Sugar tax raises a sweet €24. 2 million for government

By June Shannon Policy News   |   1st May 2019

The sugar sweetened drinks tax raised almost €25 million since its introduction 12 months ago

Today (Wednesday 01 May 2019) marks the first anniversary of the introduction of the sugar sweetened drinks tax (SSD) in Ireland and latest figures (to the end of March 2019) show that it has raised a sweet €24.2 million in revenue.

According to the latest figures from the Department of Finance, the SSD yielded a total of €7.7 million in the first three months of 2019. Just €0.6 million was raised in January but this jumped significantly to €5.9 million in February and dropped again to €1.2 million in March.

In 2018 a total of €16.5 million was collected from the SSD tax, giving a total revenue of €24.2 million to the end of March 2019.

The SSD tax was introduced in Ireland on 01 May 2018 and it applied a 30 cent per litre tax on drinks with more than 8g of sugar per 100ml and a 20 cent per litre tax on drinks with between 5 and 8g of sugar per 100ml.

In the UK the SSD tax raised GBP153.8 million or €172.5 million from when it was first introduced in April 2018 to the end of October 2018. Revenue collected from the levy in the UK will help fund physical education activities in primary schools, the Healthy Pupils Capital Fund and provide a funding boost for breakfast clubs in more than 1,700 schools.

“It has taken a massive amount of sugar out of children’s diets through the double whammy of incentivising manufacturers to reduce the sugar content of drinks on one hand while also reducing consumption through higher prices,”

Mr Chris Macey, Head of Advocacy, The Irish Heart Foundation

The Irish Heart Foundation has long called for a portion of the proceeds from the SSD tax to be ring-fenced to fund measures to prevent childhood obesity in Ireland.

The World Obesity Federation has estimated that by 2025, 241,000 schoolchildren in Ireland will be overweight or obese. As many as 9,000 children are predicted to have impaired glucose intolerance; 2,000 will have type 2 diabetes; 19,000 will have high blood pressure; and 27,000 will have first stage fatty liver disease.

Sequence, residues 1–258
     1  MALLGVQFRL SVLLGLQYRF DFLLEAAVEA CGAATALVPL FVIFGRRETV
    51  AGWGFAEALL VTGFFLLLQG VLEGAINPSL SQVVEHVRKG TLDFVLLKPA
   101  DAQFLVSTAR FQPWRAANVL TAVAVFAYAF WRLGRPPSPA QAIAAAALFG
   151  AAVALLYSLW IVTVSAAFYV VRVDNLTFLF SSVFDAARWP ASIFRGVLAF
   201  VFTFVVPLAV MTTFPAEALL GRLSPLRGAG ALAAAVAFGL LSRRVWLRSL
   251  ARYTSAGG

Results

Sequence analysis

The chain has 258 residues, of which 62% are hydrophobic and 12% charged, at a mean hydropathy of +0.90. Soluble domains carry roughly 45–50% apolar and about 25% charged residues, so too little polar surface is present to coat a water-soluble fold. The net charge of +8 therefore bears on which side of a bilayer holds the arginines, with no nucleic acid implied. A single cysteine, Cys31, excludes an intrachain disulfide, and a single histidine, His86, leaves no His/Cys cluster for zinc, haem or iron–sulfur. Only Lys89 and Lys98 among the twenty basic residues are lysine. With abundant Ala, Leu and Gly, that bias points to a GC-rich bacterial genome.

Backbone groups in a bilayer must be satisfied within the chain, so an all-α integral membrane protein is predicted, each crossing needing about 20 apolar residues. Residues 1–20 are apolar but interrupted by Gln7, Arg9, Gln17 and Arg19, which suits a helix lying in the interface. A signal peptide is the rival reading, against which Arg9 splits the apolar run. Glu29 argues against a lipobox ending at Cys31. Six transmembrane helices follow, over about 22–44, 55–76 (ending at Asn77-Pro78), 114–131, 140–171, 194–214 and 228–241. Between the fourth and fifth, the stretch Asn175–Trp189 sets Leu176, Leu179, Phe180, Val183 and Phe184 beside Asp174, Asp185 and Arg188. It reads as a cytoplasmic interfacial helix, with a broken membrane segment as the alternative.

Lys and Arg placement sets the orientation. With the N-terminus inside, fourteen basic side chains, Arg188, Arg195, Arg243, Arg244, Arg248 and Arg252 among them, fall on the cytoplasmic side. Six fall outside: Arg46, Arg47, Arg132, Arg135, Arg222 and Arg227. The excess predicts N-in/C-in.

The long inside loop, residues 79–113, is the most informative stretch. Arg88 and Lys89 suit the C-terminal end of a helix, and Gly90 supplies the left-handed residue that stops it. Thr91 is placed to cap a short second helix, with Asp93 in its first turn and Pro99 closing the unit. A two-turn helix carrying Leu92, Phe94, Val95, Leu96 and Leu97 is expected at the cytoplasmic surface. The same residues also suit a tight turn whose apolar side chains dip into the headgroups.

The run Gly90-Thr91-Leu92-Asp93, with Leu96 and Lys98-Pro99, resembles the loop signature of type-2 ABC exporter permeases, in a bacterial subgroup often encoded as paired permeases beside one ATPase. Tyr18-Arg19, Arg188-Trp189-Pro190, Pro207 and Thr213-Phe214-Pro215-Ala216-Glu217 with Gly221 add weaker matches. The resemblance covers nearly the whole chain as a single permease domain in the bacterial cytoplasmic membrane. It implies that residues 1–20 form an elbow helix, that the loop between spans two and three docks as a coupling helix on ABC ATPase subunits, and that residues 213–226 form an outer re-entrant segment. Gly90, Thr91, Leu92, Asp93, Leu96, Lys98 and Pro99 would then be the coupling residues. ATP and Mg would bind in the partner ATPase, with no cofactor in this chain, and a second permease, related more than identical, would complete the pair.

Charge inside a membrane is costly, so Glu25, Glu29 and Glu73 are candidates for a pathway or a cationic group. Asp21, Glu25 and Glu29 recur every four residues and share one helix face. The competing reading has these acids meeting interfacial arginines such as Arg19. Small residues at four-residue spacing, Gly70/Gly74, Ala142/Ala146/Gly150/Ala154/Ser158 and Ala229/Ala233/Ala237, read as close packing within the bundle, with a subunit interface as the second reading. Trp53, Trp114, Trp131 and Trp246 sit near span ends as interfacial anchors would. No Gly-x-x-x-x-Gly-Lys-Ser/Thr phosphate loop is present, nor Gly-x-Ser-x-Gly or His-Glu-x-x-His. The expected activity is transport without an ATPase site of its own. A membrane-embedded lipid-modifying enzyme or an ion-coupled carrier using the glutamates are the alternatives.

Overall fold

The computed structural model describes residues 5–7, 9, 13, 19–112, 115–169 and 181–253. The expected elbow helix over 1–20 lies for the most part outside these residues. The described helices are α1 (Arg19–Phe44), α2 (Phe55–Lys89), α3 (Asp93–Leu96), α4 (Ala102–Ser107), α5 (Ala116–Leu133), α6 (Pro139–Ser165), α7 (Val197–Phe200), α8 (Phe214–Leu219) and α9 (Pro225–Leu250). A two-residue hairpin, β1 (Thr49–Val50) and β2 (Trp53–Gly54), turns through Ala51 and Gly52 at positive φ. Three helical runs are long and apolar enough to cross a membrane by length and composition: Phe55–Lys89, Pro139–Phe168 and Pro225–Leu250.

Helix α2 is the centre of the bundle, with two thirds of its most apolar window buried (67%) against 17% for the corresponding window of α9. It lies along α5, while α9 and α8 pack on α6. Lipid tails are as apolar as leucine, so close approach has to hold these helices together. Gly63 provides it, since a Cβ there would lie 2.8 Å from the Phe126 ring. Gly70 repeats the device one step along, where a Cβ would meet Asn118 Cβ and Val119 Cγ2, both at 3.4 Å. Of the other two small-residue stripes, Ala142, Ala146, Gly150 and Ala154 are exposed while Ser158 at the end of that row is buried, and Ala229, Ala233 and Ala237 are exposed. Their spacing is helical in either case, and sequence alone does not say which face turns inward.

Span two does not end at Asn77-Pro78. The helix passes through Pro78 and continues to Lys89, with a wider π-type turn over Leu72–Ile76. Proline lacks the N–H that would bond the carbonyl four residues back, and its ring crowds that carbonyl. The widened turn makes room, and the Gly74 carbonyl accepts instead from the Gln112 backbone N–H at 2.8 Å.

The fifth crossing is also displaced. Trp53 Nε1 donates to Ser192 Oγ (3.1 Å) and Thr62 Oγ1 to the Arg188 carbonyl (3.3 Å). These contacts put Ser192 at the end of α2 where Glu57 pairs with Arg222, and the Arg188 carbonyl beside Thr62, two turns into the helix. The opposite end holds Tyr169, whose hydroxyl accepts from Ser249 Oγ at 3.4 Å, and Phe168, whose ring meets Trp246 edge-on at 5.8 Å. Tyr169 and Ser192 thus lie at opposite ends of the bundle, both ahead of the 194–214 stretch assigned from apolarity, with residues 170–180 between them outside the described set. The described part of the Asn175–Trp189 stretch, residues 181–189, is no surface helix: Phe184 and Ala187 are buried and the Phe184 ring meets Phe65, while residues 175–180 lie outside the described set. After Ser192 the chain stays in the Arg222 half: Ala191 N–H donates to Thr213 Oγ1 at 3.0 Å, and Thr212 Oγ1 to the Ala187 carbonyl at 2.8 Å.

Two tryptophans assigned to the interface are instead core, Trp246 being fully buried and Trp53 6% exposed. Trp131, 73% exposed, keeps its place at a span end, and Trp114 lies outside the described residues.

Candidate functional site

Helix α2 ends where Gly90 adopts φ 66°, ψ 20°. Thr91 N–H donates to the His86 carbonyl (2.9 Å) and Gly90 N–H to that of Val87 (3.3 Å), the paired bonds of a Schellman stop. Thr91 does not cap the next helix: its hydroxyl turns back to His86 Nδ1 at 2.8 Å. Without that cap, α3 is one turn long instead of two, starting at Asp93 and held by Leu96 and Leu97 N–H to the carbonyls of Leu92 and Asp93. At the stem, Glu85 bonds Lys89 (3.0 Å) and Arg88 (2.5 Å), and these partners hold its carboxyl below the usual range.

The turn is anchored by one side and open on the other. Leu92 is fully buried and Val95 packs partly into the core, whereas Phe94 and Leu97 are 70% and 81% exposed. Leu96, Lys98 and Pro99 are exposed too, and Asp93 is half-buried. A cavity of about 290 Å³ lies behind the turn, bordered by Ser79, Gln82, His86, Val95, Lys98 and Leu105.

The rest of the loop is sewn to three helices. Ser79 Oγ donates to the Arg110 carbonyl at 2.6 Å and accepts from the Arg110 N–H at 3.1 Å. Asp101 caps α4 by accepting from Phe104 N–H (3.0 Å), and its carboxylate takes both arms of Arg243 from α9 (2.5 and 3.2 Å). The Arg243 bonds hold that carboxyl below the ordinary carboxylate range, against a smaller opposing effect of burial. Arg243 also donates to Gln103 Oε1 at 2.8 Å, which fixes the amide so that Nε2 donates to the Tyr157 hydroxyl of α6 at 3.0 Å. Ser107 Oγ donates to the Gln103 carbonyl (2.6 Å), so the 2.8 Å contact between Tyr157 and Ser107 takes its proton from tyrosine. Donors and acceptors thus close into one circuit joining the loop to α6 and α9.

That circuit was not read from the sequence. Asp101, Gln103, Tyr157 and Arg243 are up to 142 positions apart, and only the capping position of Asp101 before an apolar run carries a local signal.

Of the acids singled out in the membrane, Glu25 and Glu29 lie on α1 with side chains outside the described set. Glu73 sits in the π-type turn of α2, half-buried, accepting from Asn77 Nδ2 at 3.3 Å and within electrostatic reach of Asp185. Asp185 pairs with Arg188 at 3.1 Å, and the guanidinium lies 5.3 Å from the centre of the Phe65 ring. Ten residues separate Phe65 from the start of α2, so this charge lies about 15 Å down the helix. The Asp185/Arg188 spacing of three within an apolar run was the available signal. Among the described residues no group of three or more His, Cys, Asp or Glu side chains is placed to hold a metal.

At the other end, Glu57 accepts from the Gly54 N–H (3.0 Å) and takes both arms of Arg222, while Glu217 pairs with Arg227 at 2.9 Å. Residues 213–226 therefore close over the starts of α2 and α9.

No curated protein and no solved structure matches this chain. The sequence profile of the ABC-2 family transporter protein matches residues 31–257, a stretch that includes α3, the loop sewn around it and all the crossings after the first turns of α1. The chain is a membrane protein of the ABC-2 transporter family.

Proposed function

However, the Department of Finance has said that hypothecation (the dedication of a specific tax for a particular expenditure purpose) was not a feature of the Irish tax system as it reduced the flexibility of the Government to prioritise and allocate funds as necessary at a particular time.

Commenting Mr Chris Macey, Head of Advocacy at the Irish Heart Foundation said the sugar sweetened drinks tax has been “an unqualified success” and he reiterated the call for some of the proceeds to be ringfenced to tackle childhood obesity.

“It has taken a massive amount of sugar out of children’s diets through the double whammy of incentivising manufacturers to reduce the sugar content of drinks on one hand while also reducing consumption through higher prices.”

“It should now be extended to milk-based drinks, while the impact of the tax could also be magnified by ringfencing the proceeds for measures to tackle childhood obesity particularly in disadvantaged areas which are worst affected by this crisis.”

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Related Topics

childhood obesity diabetes heart disase high blood pressure Obesity sugar sugar sweetened drink sugar sweetened drinks tax

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